An exchange traded fund that invests in France (EWQ) fell about 7% on Wednesday in U.S. trading amid speculation the country may lose its triple-A credit rating and talk that Societe Generale was in trouble.
However, the three major credit ratings agencies affirmed France’s credit rating, Voice of America reported.
Separately, SocGen’s chief executive in a CNBC telephone interview said the rumors swirling around the company were unfounded as the stock plunged Wednesday.
Investors are worried Europe’s debt crisis is now spreading to France, the EU’s second-largest economy.
Downgrade rumors on French debt, another Greece bailout and now a potential French government bailout of Societe Generale pushed French stocks lower, reported Christina Plumb for Reuters. Almost $14.2 billion in market value disappeared between the top three French banks. SocGen plummeted as much as 23% during trading and closed down 15%.
“The rumors on the French triple-A rating are having a catastrophic impact, despite the denial from credit agencies,” commented Christian Jimenez, fund manager and president of Diamant Bleu Gestion. “Shorts are on a rampage; it’s a calamity. This has nothing to do with fundamentals.”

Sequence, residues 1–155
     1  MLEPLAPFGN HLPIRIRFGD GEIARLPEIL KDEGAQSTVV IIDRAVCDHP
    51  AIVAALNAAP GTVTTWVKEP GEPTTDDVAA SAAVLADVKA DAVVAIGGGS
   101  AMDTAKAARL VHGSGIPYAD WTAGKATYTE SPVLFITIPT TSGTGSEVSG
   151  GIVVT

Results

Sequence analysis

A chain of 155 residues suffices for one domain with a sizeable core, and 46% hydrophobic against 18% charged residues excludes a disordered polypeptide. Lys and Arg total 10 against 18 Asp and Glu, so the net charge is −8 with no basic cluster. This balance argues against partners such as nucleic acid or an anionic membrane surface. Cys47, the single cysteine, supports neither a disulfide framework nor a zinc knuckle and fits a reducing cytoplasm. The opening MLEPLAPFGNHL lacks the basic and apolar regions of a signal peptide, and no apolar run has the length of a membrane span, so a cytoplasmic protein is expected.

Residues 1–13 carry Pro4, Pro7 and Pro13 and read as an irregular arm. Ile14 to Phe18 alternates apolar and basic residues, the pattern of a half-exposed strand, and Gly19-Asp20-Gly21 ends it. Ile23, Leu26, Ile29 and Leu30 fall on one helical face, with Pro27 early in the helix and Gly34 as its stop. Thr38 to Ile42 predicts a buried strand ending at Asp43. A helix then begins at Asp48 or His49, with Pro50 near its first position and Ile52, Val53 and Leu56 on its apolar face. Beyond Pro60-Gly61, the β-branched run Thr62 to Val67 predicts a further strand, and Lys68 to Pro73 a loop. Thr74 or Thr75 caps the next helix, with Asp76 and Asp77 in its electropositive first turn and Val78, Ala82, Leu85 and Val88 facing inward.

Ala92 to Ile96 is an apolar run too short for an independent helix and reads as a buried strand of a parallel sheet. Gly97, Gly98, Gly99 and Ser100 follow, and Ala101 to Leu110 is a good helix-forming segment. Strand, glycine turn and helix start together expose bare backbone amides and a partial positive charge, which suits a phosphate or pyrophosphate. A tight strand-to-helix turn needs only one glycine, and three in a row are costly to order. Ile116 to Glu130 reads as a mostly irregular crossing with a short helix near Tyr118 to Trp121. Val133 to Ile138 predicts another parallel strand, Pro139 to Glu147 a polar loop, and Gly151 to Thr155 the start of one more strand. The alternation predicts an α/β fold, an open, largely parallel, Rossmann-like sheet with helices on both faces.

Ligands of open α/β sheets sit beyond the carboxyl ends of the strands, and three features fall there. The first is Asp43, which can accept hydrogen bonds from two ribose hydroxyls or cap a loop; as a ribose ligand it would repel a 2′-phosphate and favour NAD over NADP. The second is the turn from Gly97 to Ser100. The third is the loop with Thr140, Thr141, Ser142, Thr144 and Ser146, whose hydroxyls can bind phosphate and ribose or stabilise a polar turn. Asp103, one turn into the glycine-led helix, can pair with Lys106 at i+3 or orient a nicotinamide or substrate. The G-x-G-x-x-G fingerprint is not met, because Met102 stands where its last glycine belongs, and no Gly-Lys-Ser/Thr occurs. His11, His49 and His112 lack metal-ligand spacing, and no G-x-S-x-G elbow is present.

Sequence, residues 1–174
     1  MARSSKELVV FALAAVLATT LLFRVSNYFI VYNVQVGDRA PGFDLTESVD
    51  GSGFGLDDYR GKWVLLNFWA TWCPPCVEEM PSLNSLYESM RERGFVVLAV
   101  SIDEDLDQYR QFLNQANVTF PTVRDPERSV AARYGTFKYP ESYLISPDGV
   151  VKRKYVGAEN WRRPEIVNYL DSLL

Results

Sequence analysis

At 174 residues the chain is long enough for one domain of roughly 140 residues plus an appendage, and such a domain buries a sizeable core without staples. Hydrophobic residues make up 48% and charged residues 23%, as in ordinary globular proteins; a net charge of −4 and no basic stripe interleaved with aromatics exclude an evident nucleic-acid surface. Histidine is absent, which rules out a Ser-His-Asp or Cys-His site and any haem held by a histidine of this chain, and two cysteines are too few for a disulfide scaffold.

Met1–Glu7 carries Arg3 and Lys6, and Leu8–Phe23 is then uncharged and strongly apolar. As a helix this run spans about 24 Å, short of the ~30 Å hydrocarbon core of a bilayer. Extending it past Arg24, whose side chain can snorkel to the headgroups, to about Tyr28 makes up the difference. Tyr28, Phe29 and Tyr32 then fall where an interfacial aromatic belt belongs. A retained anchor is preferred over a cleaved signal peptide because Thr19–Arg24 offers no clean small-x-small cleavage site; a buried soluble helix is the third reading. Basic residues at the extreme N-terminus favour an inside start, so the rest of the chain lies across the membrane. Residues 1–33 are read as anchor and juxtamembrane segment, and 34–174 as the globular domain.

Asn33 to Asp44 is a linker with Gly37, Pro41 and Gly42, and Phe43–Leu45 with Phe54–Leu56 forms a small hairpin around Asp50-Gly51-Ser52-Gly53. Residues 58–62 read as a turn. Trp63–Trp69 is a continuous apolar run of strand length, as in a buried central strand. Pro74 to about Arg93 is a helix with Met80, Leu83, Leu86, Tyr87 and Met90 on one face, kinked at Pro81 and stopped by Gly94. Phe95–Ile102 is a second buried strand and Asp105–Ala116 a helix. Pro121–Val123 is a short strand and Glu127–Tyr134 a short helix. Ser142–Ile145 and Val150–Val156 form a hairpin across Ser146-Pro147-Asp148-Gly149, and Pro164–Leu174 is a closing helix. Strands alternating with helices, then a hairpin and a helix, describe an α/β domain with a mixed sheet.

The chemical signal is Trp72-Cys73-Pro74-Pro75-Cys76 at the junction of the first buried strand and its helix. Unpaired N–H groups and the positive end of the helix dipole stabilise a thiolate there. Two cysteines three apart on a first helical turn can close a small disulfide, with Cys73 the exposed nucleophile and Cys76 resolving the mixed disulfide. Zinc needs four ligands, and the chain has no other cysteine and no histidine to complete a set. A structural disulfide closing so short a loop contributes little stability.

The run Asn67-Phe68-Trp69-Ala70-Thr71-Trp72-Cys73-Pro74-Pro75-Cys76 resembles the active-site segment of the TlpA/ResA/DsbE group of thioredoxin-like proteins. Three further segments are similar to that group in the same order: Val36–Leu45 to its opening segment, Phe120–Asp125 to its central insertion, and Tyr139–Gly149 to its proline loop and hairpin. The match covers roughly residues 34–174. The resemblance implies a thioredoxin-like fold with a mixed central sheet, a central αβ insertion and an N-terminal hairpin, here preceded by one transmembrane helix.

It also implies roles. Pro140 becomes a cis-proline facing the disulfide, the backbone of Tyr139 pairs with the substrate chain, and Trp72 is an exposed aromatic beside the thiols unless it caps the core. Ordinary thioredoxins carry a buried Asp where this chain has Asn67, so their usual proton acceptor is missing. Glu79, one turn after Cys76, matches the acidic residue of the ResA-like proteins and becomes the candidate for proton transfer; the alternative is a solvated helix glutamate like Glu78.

Nevertheless, skittish investors burned by the 2008 credit crisis are selling first, and asking questions later.
“You’ve already had situations in Greece, Spain has been in there, Portugal, and now if you are talking about France, which because it’s a bigger economy, it probably generates more concern on a comparison basis,” remarked Gordon Charlop, managing director of Rosenblatt Securities, reports Chuck Mikolajczak for Reuters.
iShares MSCI France (NYSEArca: EWQ)
Max Chen contributed to his article.